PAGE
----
Bitcoin Price Rejected Near $11,000; Is a Deeper Correction Coming?
Bitcoin’s price swung lower on Saturday after facing a firm rejection at $10,900, its highest level in over two weeks. The largest digital currency is still up more than $1,000 from last week’s low, raising cautious optimism that the worst of the downtrend had passed.
The bitcoin price was last seen hovering just above $10,400 on Bitstamp, having gained 0.9% during the session but falling more than 4% from Friday’s high above $10,900. BTC/USD is now testing the 30-day exponential moving average (EMA), a level that provided strong support during the half-year bull market.
Volumes were fairly steady, with verified exchanges processing more than $1 billion worth of bitcoin trades, according to Bitwise.
At current values, bitcoin has a total market capitalization of $186.5 billion, which accounts for 70.7% of the overall market.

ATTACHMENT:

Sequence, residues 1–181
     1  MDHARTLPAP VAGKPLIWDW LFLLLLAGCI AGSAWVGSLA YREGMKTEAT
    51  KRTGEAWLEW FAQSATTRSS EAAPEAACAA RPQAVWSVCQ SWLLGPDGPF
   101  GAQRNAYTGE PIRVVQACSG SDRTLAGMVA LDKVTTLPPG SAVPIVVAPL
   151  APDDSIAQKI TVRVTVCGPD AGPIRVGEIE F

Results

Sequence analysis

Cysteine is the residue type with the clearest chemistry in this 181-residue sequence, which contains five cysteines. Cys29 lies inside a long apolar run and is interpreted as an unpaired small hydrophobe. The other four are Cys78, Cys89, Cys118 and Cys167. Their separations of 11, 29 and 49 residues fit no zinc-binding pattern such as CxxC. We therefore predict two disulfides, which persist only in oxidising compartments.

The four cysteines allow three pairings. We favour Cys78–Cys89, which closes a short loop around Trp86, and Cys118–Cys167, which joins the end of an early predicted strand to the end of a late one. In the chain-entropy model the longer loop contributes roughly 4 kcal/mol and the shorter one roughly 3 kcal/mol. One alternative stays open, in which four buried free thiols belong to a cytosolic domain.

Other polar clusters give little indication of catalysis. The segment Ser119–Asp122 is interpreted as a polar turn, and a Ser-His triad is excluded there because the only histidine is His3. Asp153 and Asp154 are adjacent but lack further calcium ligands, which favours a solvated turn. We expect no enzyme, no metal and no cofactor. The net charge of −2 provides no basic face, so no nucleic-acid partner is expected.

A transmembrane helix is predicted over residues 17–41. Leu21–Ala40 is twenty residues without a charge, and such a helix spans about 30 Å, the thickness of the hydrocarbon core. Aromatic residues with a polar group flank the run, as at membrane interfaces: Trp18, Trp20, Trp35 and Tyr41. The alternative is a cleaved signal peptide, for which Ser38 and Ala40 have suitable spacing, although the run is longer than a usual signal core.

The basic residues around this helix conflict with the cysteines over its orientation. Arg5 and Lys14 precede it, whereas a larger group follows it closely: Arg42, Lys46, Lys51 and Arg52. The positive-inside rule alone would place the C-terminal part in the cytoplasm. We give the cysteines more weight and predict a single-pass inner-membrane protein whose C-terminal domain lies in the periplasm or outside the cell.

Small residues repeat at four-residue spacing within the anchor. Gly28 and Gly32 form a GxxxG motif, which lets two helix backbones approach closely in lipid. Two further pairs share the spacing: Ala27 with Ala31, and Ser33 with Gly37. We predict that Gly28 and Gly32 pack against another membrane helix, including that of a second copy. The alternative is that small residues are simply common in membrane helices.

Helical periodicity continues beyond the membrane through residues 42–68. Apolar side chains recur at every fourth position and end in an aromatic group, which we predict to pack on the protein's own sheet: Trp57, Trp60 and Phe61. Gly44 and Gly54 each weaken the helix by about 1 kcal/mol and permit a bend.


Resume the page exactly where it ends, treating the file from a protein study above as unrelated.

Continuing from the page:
How bitcoin recovers from the latest setback could determine its short-term trajectory. A failure to regain yesterday’s high could lead to a re-test of $10,000, a level of psychological comfort for the bulls.
“BTC” Searches Skyrocket
Google searches for terms like “bitcoin” and “cryptocurrency” are widely viewed as proxies for how the market views digital assets. If these terms are trending higher, there’s a good chance that retail traders are opening digital currency accounts and depositing money.
Forbes recently drew our attention to the unusual spike in “BTC” searches on Google. According to the latest Google Trends data, “BTC” received peak interest through the first week of September.
By comparison, searches for the word “bitcoin” have leveled off since peaking in late June.
The unusual spike in BTC searches suggests the market is being manipulated in order to move bitcoin’s price. According to Kryptografen, Romania saw the most drastic changes in searches from the previous week. The United States, Norway, Hong Kong and Thailand also exhibited unusual search trends.
“It is reasonable to assume that someone is behind these radical changes,” the researchers said. “That the same pattern can be seen all over the world may indicate that VPN services have been used to distribute the search across the world, thus achieving a global trend.”
Disclaimer: The author owns Bitcoin, Ethereum and other cryptocurrencies. He holds investment positions in the coins, but does not engage in short-term or day-trading.
Featured image courtesy of Shutterstock. Chart via TradingView.